Youths may go to any distance for all 15 hawks per round. Maximum of 300 pointsJuniors (5-11)

Juniors throw three distances. One spin hawk, one and a half spin hawk, and two spin hawk for a mximum of 180 points.


Targets

Three targets will be mounted perpendicular to the thrower, (e.g., against a wall or backstop) in a "V" pattern. The upper left and right targets are centered 152 centimeters or 60 inches from the ground and the center target is centered 127 centimeters or 50 inches from the ground. Each target will be a log round at least 50 centimeters or 20 inches in diameter. A 10 centimeter bulls-eye is placed in the center of each target and then 4 larger rings around it measuring 20, 30, 40, and 50 centimeters.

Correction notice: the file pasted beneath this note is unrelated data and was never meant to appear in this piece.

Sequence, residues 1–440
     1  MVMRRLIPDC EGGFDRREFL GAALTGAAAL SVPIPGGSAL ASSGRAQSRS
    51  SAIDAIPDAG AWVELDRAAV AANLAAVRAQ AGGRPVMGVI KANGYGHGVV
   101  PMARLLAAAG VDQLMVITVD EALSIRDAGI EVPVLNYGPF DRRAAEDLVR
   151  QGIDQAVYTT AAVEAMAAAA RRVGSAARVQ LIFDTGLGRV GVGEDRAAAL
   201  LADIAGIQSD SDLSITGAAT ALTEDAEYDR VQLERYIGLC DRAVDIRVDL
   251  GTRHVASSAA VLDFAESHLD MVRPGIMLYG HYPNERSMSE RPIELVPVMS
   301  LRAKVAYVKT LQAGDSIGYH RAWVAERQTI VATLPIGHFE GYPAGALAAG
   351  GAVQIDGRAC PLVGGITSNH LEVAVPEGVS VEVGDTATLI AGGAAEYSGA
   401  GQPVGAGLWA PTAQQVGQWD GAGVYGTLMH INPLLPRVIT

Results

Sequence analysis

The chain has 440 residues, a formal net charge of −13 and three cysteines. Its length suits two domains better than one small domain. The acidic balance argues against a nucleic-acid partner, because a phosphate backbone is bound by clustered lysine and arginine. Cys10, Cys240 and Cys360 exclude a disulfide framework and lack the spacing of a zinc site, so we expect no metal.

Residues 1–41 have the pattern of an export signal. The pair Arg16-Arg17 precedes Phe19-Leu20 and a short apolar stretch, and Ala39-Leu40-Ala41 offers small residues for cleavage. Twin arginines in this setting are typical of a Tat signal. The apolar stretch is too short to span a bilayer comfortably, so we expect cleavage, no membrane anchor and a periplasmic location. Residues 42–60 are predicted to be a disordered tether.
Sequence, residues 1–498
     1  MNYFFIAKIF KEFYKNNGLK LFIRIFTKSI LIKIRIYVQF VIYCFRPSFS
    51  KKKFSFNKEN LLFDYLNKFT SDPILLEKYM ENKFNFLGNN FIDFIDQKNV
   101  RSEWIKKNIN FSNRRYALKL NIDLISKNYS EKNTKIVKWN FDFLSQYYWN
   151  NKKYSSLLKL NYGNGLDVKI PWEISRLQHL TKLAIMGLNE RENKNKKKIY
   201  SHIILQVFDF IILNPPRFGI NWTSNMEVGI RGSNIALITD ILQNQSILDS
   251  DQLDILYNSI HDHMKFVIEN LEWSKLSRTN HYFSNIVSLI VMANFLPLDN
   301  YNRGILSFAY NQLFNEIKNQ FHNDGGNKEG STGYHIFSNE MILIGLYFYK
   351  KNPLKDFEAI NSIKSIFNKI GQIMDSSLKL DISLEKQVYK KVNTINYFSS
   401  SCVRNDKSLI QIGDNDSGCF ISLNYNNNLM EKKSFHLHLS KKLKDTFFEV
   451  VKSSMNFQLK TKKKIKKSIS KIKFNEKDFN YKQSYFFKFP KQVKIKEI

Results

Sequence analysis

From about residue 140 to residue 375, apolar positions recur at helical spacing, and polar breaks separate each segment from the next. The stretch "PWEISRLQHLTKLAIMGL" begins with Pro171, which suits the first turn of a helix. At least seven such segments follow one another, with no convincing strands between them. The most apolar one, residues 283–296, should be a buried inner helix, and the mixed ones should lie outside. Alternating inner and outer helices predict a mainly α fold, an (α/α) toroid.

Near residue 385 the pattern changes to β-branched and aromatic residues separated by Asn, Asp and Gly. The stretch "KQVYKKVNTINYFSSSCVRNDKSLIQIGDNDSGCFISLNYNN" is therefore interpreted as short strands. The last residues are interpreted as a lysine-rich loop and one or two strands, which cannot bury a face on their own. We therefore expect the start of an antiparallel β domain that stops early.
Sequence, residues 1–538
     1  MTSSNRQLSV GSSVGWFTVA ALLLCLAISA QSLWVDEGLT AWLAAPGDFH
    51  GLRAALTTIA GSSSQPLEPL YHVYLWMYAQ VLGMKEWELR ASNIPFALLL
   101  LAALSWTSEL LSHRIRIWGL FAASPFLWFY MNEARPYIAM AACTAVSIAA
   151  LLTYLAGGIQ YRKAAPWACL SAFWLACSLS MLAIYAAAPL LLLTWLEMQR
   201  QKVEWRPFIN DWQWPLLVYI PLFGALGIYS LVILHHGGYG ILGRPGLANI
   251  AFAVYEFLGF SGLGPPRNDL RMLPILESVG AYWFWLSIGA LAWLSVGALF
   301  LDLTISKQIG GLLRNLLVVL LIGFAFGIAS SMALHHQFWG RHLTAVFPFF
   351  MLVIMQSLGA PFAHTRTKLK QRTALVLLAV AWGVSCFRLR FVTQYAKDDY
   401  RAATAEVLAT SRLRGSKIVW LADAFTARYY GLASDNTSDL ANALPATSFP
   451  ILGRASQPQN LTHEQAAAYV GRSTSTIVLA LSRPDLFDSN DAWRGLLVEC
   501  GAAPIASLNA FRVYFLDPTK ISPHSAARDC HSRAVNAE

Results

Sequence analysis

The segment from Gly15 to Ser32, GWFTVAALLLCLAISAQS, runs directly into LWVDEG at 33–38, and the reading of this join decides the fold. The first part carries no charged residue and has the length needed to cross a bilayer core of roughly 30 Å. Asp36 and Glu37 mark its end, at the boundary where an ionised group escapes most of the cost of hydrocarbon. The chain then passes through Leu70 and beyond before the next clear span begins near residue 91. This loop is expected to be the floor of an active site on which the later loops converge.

Throwing Sequence

Throwers throw one knife each at the three targets in a "V" pattern: top left-center-top right. The first knife thrown only counts if it sticks in the upper left target; the second knife only counts if it sticks in the center target, and the last knife must stick the upper right target. Knives that stick in targets out of this order do not count. Knives cannot be pulled until all three knives are thrown and scored at each distance.



Knives

Knives must be no shorter than 30.5 centimeters or12 inches, no longer than 40.6 centimeters or16 inches, and must have a point on only one end. One set of knives, of uniform shape, material and weight must be used for each test. Knives may not be exchanged during a test unless the replacement is of the same type. Throwers may use a different set of knives for each separate test.



Hawks

Hawk handles must be a be at least 35.6 cm or (14 inches) in length from the pole of the hawk head to the bottom of the handle.

Hawk blade's cutting edge must measure no more than 11.4 cm or (4.5 inches).



Scoring